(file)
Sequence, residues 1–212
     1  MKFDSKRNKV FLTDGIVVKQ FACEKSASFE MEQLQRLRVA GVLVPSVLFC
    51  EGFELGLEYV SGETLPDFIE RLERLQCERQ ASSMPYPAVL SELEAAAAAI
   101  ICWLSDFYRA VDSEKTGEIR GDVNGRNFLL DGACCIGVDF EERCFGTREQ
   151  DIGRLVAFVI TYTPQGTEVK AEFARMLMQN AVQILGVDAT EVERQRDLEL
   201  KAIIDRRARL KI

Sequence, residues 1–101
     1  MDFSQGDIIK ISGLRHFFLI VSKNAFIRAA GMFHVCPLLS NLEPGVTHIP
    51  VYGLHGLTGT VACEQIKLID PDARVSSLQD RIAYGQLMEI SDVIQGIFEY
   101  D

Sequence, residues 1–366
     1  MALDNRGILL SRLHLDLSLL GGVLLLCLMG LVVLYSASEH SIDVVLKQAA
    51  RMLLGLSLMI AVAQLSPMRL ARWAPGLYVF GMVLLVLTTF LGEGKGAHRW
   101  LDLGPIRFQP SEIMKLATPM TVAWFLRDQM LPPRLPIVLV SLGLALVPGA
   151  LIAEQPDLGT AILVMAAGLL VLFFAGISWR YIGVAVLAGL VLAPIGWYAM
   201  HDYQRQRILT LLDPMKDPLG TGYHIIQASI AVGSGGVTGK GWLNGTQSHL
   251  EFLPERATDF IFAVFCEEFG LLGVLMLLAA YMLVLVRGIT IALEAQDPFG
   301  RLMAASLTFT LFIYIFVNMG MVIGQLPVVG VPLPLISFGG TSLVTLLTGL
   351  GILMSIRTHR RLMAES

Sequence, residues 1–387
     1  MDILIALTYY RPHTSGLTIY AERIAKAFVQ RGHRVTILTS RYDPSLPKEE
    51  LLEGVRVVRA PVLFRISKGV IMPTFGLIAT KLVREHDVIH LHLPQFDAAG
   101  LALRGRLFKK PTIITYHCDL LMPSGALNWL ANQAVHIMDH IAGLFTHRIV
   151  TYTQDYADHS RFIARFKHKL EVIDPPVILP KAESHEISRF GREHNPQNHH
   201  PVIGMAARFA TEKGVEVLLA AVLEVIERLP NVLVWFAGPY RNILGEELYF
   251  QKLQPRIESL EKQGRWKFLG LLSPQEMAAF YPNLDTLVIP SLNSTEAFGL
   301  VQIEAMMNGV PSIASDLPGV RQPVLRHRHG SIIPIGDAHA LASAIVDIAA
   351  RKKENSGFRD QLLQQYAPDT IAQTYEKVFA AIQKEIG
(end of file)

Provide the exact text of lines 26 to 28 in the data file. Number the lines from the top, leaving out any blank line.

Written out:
   251  QKLQPRIESL EKQGRWKFLG LLSPQEMAAF YPNLDTLVIP SLNSTEAFGL
   301  VQIEAMMNGV PSIASDLPGV RQPVLRHRHG SIIPIGDAHA LASAIVDIAA
   351  RKKENSGFRD QLLQQYAPDT IAQTYEKVFA AIQKEIG